A6: Open-system control of dynamical transitions
A6 research in OSCAR I showed how even small, closed systems can exhibit the irreversible behavior of open systems coupled to reservoirs if the closed systems have the right kinds of nonlinear dynamics. The Project thereby helped clarify which advantages of Open-System Control truly require open systems, and which may actually be achieved within traditional closed-system control. In OSCAR II, Project A6 maintains its previous focus on Bose-Hubbard models as paradigms for general quantum many-body systems. The Project also continues to exploit the specific kinds of nonlinear evolution that were found in OSCAR I to yield attractor-like behavior within small, closed systems. The goal now, however, is to see how coupling to a large reservoir can enhance the attractor behavior that is possible in closed systems, making it more robust and efficient.
In OSCAR II, Project A6 will specifically exploit discoveries in Bose-Hubbard-like systems that were made in the PI’s group but outside the original scope of A6 in OSCAR I, concerning a particular kind of quasi-irreversible, attractor behavior, namely the spontaneous “ignition” of model microscopic engines (“Hamiltonian daemons”). Hamiltonian daemons are dynamical systems which exploit nonlinear resonances to transfer energy steadily and efficiently from high-frequency motion down to much lower frequencies, analogous to the way a combustion engine uses energy from molecular reactions on femtosecond time scales to turn car wheels at only a few thousand RPMs.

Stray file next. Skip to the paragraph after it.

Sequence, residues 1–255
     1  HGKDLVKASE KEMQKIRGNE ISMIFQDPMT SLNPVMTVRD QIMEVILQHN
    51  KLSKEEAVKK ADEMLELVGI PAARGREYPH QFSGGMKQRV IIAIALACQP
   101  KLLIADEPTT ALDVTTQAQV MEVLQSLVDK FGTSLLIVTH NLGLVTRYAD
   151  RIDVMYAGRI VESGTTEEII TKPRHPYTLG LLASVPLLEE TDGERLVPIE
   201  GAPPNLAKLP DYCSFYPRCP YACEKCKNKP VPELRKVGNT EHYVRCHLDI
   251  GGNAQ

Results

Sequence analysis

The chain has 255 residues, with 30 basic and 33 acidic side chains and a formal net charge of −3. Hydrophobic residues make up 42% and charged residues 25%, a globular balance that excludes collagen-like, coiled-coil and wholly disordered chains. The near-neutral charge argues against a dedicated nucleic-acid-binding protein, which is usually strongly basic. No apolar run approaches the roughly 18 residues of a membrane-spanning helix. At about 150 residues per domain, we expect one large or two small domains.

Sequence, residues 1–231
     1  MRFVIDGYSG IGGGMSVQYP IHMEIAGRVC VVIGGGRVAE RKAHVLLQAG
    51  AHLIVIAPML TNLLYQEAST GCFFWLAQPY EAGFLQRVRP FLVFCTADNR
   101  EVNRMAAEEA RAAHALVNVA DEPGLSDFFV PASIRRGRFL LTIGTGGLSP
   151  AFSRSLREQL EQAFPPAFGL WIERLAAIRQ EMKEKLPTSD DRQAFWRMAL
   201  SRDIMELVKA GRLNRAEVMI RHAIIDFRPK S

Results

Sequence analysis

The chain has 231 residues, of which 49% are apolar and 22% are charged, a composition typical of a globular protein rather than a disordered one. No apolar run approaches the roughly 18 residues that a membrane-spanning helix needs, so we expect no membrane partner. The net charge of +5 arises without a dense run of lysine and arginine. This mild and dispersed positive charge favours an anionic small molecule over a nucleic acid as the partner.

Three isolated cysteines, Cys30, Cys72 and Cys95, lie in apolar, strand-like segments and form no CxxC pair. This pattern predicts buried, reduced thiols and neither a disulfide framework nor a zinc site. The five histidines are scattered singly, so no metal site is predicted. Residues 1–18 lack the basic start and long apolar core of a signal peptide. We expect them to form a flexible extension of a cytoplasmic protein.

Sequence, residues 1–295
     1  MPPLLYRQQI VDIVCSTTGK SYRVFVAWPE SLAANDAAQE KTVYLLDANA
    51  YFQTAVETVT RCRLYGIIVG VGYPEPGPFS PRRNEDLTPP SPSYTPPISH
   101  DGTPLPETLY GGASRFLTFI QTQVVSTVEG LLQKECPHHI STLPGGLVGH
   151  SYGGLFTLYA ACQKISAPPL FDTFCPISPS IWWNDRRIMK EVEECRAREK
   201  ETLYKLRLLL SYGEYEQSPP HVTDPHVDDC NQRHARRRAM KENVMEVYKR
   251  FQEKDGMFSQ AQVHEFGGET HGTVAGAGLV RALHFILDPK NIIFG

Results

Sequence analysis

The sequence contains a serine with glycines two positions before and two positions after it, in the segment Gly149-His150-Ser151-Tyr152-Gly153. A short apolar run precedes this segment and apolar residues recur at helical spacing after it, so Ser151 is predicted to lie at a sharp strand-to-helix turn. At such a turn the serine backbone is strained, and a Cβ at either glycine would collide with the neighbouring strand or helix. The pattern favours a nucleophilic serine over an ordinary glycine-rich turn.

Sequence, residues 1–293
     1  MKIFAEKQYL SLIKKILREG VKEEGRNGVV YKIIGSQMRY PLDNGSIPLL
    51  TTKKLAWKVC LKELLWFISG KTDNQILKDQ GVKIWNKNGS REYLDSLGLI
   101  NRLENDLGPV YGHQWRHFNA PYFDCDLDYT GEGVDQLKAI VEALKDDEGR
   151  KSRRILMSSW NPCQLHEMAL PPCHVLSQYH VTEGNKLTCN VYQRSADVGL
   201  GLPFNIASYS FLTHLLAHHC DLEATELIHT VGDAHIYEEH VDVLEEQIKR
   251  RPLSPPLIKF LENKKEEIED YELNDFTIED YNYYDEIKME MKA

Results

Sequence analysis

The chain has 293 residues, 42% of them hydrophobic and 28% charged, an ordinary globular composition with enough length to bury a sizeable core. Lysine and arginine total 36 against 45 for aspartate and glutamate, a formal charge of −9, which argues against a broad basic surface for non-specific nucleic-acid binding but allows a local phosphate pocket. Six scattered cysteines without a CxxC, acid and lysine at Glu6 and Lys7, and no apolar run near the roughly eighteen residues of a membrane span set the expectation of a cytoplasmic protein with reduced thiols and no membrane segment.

These crucial nonlinear resonances only exist within special small regions of phase space or Hilbert space, and so the operation of a Hamiltonian daemon is above all a control task: the system must be brought reliably into the small target region of state space in which the special form of dynamics, with steady energy transfer across frequencies, takes place. Bringing the system into this target region achieves a dynamical transition: a sudden qualitative change in the nature of the system’s time evolution, like the transition that a pendulum can make between swinging back-and-forth and swinging round-and-round, only in this case more complex and also potentially more useful. The central question of A6 in OSCAR II is how coupling a Hamiltonian daemon to a reservoir can achieve more efficient and reliable control over the daemon ignition transition.
Hamiltonian daemons are a potential alternative paradigm to informational ratchets for explaining how molecular motors work inside living cells. Determining whether a thermal and dissipative environment may actually make daemons work better is therefore an important step in assessing how realistic daemons may be as the essential dynamical mechanism for large molecules moving and reacting in the aqueous environment inside a cell.